De-embedding using negation elements

Click here to go to our main page on S-parameters

Click here to go to our page on ABCD parameters

New for April 2023. Often in Microwave engineering, you obtain measured S-parameter data on a device that is embedded in a network that you cannot take apart, so the measurement reference planes are not right at the device you are interested in. The hardware that you don't want in the measurement could be RF coax cables, or an evaluation board, or other test fixture that the part is mounted to.  The process of mathematically removing the network is called de-embedding.  The stuff that you want to remove from the ports are sometimes referred to as "error boxes", and we will use that terminology here.  S-parameters of the pieces of the fixture are measured or simulated somehow (which can be a complicated subject, for another day).

Before we dive into this, you can create custom calibration standards that will move the reference planes of the measurement to where you want them, and almost all vector network analyzers support this.  One example is creating "TRL" standards, measuring a through, a reflect, and one or more lines (which are longer than the through).  That is not what we are talking about here.

Computationally, removing the effects of the fixture is done using ABCD matrices, which are way easier to manipulate than S-parameters.  But if you don't enjoy that math or don't have time for it, you can use Microwave Office or Keysight's Advanced Design System (ADS)  to remove the error boxes using "negation".  In ADS, the element that does this is called the "de-embed" element.

Below, Anurag Bhargava explains how ADS is used to remove the "error boxes".  The test fixture's S-parameters are represented as a two-port network (the same file is used twice, once on the DUT input and once on the output, such symmetry is not often the case and should not be expected).  The "de-embed" blocks reference test fixture S-parameters, and "negates" them to remove their effects.  In Microwave Office, that circuit element is called a "negation element". Anurag sets up a six-port network, where the DUT's "raw" S-parameters (which are known in this example but would be unknown in the real world) are connected from port 1 to 2. Embedded data is connected between ports 3 and 4, and the de-embedding example is connected between ports 5 and 6.  In the port 5-to-6 circuit, embedded data in the center, and fixture networks (the error boxes) are placed into ADS's de-embed elements surrounding it. The conclusion of the video is that the raw data (port 1 to 2) and de-embedded data (ports 5 and 6) lie on top of each other, which is what we like to see. This example proves out how negation works in an ideal situation.  Whether you get accurate de-embedded data  in real life depends on how accurately you know the S-parameters of the error boxes.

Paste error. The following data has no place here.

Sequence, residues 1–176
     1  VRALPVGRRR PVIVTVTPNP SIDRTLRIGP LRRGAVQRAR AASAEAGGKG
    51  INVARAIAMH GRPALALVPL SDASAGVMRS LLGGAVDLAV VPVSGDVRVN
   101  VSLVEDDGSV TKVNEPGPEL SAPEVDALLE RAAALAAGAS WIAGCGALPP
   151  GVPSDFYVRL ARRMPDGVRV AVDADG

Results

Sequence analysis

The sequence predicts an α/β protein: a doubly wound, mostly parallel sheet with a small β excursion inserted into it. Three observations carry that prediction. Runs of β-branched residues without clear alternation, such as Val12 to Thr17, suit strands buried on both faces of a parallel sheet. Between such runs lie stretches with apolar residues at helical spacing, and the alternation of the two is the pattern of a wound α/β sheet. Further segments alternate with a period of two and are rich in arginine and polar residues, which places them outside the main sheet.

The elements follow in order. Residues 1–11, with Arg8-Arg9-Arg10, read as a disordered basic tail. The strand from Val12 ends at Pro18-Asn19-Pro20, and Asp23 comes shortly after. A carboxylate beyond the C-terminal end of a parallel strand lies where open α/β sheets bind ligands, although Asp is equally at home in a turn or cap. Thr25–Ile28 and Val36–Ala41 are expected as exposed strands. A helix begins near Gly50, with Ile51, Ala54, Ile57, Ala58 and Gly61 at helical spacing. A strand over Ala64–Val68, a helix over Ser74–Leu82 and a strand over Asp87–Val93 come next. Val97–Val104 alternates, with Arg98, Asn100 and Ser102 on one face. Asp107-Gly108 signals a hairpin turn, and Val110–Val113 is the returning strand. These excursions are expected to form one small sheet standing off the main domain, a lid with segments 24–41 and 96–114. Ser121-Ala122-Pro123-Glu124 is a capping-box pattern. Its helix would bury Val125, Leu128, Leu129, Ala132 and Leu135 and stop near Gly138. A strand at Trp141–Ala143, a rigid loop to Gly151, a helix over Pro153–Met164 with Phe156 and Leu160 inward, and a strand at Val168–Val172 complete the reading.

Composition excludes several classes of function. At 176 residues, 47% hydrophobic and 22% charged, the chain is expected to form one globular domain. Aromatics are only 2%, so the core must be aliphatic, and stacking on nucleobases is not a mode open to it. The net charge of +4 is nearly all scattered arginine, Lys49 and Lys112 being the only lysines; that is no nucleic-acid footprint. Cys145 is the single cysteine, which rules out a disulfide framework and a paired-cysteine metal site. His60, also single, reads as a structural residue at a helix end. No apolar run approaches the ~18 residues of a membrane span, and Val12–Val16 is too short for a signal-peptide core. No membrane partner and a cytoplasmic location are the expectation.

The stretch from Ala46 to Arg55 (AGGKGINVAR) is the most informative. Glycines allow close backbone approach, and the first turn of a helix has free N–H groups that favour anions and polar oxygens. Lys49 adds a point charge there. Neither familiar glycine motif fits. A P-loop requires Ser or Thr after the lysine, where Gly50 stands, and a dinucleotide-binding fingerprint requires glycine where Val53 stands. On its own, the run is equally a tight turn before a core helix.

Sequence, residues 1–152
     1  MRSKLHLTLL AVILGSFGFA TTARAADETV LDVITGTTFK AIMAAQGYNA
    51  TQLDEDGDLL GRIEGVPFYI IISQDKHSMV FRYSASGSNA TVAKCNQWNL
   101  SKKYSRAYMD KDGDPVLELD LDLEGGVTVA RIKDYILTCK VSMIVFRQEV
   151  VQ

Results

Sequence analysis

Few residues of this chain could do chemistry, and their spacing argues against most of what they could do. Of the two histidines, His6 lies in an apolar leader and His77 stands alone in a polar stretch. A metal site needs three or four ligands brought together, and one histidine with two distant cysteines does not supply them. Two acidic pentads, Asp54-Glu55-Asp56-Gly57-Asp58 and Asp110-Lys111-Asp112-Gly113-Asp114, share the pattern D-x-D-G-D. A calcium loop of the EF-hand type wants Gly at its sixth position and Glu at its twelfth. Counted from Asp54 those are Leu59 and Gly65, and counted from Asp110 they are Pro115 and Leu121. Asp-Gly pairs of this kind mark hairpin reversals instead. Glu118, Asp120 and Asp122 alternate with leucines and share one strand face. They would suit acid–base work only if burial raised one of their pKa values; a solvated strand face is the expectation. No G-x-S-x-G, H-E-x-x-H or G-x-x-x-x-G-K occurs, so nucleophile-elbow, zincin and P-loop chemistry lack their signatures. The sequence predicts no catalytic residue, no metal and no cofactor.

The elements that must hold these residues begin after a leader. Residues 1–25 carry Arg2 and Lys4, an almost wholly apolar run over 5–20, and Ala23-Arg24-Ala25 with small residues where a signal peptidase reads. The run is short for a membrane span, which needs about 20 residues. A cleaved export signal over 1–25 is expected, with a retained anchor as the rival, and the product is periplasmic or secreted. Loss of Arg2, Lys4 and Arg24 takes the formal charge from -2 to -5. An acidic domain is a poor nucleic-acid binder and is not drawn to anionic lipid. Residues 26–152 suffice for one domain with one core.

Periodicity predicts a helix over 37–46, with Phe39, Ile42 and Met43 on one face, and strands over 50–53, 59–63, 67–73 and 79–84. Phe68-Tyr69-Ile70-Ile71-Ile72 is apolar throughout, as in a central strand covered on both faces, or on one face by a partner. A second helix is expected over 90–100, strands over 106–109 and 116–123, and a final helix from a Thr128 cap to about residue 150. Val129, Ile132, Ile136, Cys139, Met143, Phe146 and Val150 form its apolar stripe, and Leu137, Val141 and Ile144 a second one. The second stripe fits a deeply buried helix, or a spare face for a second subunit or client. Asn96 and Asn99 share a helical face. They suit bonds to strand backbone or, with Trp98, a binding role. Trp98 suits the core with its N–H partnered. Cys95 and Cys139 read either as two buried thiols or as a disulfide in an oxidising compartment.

Learn ADS in Five Minutes, Tutorial 63, by Anurag Bhargava

Anurag's YouTube channel is called "learn ADS in five minutes", and contains scores of short videos on relevant topics.  If you are just learning ADS, or want to expand your ADS skills, you should check them out!

This video does not explore how the error boxes were created; we'll help you with an example on that later. Also, it seems like there could be a possible de-embed error on port 6. If the same error box is used to de-embed both port 1 and port 2 of the embedded DUT, it should be flipped around on port 2 but it is not.  Like in this really crummy sketch:

               1  Error Box   2-------------- 1 Embedded DUT 2--------------2  Error Box  1


These comments came from "hash" on our message board. Thanks!

Concerning the April (2023) newsletter video deembedding, we have also documented this topic on the scikit-rf documentation (with the flip thing!):
as well as more advanced methods:

Comments always welcome to improve the documentation :) !

By the way, new merchandises are available for scikit-rf supporters ;)

And yes, we bought one of those cool shirts.  Blam!